For luxury car maker Automobili Lamborghini, validating the authenticity and heritage of each individual car is a critical component for company success.
When customers want to find out the heritage of their car to gets its value or put it on the market, they are offered an authentication process that starts with arranging shipping of their car to headquarters for inspection and back to the original or new customer.
The problem was, to get a Lamborghini vehicle properly authenticated involved an arduous, often manual-based process. Automobili Lamborghini had paper-based records, which are now digitalized, accounting for 95% of all Lamborghinis built since its launch in 1963, so the information is almost all there to validate the originality of any given vehicle; the issue was, it took several months to get to that point.
This is because, when a Lamborghini is resold, the vehicle can go through anything from 800 to 1,000 certification checks. As all these need to take place at the Lamborghini headquarters in Sant’Agata Bolognese, Italy, the start of the process entails the customer being connected with the right shipping agent, and then arranging transportation and then getting the car to HQ to carry out all the checks.
Once there, Lamborghini technicians have to work with a huge network of resources, including photographers, auction houses, dealerships, repair shops, newspapers and magazines, to be able to curate the full history of that particular car, and verify all of the parts and services.
However, this service is crucial for customers and the company, as its allows them to preserve the originality of the car – and keeping the vehicle as near to original means a higher value, which can be in the region of $2 million to $3 million. Paolo Gabrielli, Head of After Sales at Automobili Lamborghini, explains:
The value of a luxury heritage car, it’s the authenticity. Original is the car when it was produced, authentic means it’s kept the same specification, the same shape, and what’s been installed during the life of the car is using genuine spare parts.
We like to understand which are the parts from when it was built, which parts are replaced, and which are not exactly not genuine but are perfectly aligned with our specification.
Gabrielli points out that restoring the authenticity of the car means any new or spare parts need to bring it to as close to the original specification as possible. However, this was taking in the region of 3,000 to 4,000 hours of work to ensure the parts all have the right serial number, and the car has everything from the same leather to the original logo.
The certification part of the process was also very time-consuming, as the company needs to report back to the customer with a full breakdown of each part of the car that was replaced or restored, and share this information in a trusted and secure way.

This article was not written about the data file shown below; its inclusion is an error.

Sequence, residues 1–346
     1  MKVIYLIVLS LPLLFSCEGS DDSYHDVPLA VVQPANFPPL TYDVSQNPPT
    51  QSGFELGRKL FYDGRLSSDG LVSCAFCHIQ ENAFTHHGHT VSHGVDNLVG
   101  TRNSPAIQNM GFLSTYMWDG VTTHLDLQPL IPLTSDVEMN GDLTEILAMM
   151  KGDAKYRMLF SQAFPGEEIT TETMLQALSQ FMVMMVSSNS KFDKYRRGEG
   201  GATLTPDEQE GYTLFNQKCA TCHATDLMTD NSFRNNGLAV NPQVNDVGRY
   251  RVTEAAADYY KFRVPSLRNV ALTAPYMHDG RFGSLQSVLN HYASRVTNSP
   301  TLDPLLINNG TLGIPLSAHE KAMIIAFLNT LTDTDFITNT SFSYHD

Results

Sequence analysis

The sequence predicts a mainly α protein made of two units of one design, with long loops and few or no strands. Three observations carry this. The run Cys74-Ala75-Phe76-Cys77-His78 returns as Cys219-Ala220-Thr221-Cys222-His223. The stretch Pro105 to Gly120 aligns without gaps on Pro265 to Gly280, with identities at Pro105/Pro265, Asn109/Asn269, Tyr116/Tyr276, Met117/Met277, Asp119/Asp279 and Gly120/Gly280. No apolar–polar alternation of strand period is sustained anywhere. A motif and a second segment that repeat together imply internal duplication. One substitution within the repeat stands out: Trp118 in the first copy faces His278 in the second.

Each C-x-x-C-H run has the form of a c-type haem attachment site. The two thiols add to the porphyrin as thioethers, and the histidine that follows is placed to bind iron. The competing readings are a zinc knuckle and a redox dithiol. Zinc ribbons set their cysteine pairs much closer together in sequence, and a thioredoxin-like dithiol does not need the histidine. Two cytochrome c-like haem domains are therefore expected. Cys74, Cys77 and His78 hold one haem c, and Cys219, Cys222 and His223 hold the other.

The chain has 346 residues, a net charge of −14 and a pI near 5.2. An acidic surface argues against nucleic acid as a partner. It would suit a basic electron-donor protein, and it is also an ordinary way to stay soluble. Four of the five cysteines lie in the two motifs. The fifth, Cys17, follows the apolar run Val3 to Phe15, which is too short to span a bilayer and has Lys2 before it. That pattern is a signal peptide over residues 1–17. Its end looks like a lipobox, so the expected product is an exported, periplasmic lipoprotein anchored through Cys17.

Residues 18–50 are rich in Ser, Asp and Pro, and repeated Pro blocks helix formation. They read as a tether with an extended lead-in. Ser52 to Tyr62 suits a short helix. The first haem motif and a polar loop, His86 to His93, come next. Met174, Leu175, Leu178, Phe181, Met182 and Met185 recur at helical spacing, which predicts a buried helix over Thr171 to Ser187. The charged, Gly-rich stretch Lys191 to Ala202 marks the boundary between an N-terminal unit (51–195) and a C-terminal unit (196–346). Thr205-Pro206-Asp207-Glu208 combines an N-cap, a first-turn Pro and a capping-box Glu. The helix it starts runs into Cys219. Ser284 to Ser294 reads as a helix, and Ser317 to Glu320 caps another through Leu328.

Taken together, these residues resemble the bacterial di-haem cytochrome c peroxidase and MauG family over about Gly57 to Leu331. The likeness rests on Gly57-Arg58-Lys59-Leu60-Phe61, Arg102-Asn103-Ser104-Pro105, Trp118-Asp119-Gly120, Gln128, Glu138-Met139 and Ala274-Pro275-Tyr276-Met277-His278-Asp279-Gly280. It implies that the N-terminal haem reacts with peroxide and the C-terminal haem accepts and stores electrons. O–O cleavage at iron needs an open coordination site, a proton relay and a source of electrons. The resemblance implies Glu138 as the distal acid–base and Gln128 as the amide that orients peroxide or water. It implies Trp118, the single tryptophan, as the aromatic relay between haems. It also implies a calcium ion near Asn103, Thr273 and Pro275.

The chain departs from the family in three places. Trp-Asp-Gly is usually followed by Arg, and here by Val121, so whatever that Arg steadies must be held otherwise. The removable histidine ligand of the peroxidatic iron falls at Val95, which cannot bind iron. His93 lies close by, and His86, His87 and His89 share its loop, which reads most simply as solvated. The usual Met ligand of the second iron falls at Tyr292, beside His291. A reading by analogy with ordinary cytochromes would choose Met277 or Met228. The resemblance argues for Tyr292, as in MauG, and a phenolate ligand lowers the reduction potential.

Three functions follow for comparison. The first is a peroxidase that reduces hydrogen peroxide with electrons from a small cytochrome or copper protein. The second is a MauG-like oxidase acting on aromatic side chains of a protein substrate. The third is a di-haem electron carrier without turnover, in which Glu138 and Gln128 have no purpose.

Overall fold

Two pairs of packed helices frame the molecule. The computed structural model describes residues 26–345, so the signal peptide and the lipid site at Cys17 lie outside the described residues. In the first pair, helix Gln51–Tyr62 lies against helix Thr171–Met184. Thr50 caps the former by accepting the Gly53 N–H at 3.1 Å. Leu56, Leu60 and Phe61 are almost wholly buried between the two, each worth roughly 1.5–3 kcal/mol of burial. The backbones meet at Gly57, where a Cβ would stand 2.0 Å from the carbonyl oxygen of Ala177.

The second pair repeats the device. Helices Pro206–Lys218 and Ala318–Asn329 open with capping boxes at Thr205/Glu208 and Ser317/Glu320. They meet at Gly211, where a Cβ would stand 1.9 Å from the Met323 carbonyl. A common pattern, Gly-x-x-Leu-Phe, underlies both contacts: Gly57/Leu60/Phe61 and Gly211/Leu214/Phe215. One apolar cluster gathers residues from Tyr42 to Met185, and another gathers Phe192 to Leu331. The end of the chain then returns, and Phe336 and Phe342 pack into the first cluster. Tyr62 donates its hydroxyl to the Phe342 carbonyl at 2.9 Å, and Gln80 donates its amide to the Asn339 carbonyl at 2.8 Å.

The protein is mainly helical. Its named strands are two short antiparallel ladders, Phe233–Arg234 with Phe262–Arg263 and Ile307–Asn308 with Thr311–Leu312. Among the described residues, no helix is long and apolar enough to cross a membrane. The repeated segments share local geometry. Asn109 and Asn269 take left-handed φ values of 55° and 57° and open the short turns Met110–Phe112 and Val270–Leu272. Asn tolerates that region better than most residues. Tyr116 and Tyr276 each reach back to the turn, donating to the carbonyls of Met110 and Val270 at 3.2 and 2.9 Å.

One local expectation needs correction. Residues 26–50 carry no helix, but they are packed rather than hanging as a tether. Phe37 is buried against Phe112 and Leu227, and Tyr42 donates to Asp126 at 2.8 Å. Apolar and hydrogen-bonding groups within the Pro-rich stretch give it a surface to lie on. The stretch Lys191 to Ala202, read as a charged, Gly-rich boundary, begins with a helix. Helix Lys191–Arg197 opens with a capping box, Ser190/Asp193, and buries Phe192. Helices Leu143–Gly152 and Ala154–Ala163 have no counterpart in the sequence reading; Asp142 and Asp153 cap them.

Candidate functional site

But this is all a process worth doing, as the outcome is that the customer has a higher-value vehicle, as it is certified as authentic by Automobili Lamborghini. Gabrielli says:
We have some data showing more or less an increase of 20% - 25%t before and after the certification. When you are speaking about a $2 million car, the increase is really important.
Automobili Lamborghini is now using Salesforce Blockchain to make this authentication process quicker and more secure, aimed at giving a better customer experience and maintaining the value of heritage vehicles. The technology lets Lamborghini digitize the authentication process by creating a trusted network among technicians, repair shops, dealerships and other involved parties.
Blockchain is designed to offer a new way of ensuring trust and transparency, with every player involved in the ‘chain’ given a secure, verified copy of the data. This data is tamper-proof as any changes are immediately logged to that particular party and visible to everyone.
However, getting every party along the chain, and future parties that might need to be involved, on board has traditionally been a sticking point for blockchain, as it requires heavy-duty data integration work at each point. According to Salesforce, its blockchain approach is based on clicks, not code, meaning a much quicker set-up process rather than having to build lines and lines of code, and also the ability to integrate players that aren’t using Salesforce applications.
Automobili Lamborghini has named its blockchain system Sicura – safety in Italian. Sicura is the layer connecting every party together in a seamless way – dealers, logistics companies, auction houses and the car maker itself – so that information can be collected and shared quickly and with a guarantee of trust. The typical timeframe for an auction house to validate a car used to be three to six months; with Sicura in place, this can now come down to a matter of days.
From a customer perspective, they can download an app, which lets them request a certification or book car transport, all done on top of the secure blockchain platform. All partners in the chain are now able to access real-time, trusted information, so everyone can track progress at each step along the journey, although this can be restricted by individual account so only certain parties get to see certain data.
Once authentication is complete, this data is stored and available to the current and all future owners of the vehicle, and it can also be downloaded as a secure, verified PDF – each download via the blockchain is tied to a unique hash or fingerprint that can only be accessed once the hash is validated.